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GraphicsRAMRAMRAM
NVIDIA GeForce GTX 580 Corsair  Corsair  Corsair  
RAMHard DriveCoolingPower
Corsair  2x Mushkin 240Gb SSD Raid 0  A lot. ST1500 
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FT02 Xonar ST 
CPUMotherboardGraphicsRAM
i5-2500K P8P67 WS Revolution Sparkle Calibre GTX 560 G.Skill 
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NVIDIA GeForce GTX 580 Corsair  Corsair  Corsair  
RAMHard DriveCoolingPower
Corsair  2x Mushkin 240Gb SSD Raid 0  A lot. ST1500 
CaseAudio
FT02 Xonar ST 
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i5-2500K P8P67 WS Revolution Sparkle Calibre GTX 560 G.Skill 
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post #17 of 93
Thread Starter 
[Adventures in Waiting]

I don't have a lot to report this week. I am still waiting on my case from LDCooling . . . hopefully this upcoming week will finally be the one when I get the shipping notice. In the meantime, I decided to do a comparison of tubing. I narrowed my choices down to Primochill PrimoFlex LRT UV Red and Danger Den Dreamflex UV Black. The UV Red tube stays red under UV light, and the black tubing turns a blue color. I did a comparison under the Oznium.com UV lights I am going to use . . .

398
[Comparing Danger Den Black and Primochill Red]

The Danger Den black doesn't look this colorful in person, whereas the Primochill Red looks even better. So at this point I am heavily leaning toward the Primochill Red tubing, but I will wait until I can do a side by side comparison with my painted case before I make my final decision.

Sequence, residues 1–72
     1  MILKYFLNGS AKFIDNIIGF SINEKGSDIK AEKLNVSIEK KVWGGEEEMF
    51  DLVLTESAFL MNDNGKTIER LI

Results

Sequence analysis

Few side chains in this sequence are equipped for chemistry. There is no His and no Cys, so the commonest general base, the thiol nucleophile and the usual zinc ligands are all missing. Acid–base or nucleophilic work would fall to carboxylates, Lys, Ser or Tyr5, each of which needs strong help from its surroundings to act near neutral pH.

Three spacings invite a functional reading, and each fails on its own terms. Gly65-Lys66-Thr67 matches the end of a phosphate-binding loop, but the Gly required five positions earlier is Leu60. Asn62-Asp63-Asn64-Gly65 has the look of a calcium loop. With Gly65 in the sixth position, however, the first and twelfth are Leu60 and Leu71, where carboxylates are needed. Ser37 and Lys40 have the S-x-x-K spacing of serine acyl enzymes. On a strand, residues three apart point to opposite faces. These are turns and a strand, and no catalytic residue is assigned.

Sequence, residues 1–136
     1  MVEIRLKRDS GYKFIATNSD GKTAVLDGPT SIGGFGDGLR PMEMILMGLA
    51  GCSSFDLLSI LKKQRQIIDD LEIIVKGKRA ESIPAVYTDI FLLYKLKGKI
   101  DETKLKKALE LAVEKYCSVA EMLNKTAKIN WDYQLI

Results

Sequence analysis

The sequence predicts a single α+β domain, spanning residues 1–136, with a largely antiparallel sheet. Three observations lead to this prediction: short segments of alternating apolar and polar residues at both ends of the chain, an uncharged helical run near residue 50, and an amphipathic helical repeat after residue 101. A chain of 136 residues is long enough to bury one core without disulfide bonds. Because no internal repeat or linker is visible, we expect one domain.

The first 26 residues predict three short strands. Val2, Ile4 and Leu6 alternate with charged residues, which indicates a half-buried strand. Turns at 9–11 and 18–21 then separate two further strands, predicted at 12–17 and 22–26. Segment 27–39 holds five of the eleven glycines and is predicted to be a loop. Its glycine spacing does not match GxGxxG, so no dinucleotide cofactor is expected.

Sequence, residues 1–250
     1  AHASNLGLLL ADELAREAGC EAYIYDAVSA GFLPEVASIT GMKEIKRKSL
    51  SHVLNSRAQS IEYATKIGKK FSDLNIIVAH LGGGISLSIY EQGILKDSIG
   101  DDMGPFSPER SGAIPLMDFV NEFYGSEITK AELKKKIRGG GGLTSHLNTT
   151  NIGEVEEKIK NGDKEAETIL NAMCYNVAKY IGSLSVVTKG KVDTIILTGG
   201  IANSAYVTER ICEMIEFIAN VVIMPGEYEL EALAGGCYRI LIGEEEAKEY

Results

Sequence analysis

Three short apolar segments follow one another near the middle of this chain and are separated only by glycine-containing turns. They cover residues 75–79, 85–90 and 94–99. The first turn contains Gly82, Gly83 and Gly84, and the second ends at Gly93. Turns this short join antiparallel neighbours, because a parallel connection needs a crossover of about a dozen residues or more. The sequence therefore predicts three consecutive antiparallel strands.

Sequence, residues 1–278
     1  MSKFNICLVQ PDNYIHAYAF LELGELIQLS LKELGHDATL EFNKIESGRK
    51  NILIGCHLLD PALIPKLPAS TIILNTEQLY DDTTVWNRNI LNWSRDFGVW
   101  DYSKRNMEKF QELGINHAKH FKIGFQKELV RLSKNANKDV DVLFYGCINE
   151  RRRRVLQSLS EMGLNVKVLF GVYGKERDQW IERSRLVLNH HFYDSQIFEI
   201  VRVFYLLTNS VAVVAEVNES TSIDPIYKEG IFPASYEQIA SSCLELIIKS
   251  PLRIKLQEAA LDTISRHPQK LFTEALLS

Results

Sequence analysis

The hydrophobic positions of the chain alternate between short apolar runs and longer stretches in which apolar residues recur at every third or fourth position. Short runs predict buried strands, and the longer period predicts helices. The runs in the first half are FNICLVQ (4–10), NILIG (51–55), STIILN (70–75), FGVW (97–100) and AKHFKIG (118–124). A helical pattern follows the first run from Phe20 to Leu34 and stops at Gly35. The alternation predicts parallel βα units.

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[Comparing Tube Cutters]

Here you can see the tube cutter the Danger Den tubing is bundled with. It works, but I couldn't help but feel like it might break and slice off my finger when I used it. On the other hand, this Lenox cutter I picked up at Amazon is an absolute joy to use - it snips so cleanly and smoothly you could nearly make a pleasant evening out of just slicing through tubing ;-)

Cross your fingers for me - hopefully my next post will be to finally report my case has shipped!
Edited by Kallor - 4/14/12 at 7:50pm
post #18 of 93
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post #19 of 93
Thread Starter 
[Fan Sleeving Time!]

I sadly don't have any good news about my case, but I figured in the meantime there are still some things I can work on to keep the build rolling while I wait on the last critical piece to arrive.

So this weekend I set aside some time to start working with the MDPC sleeving I ordered.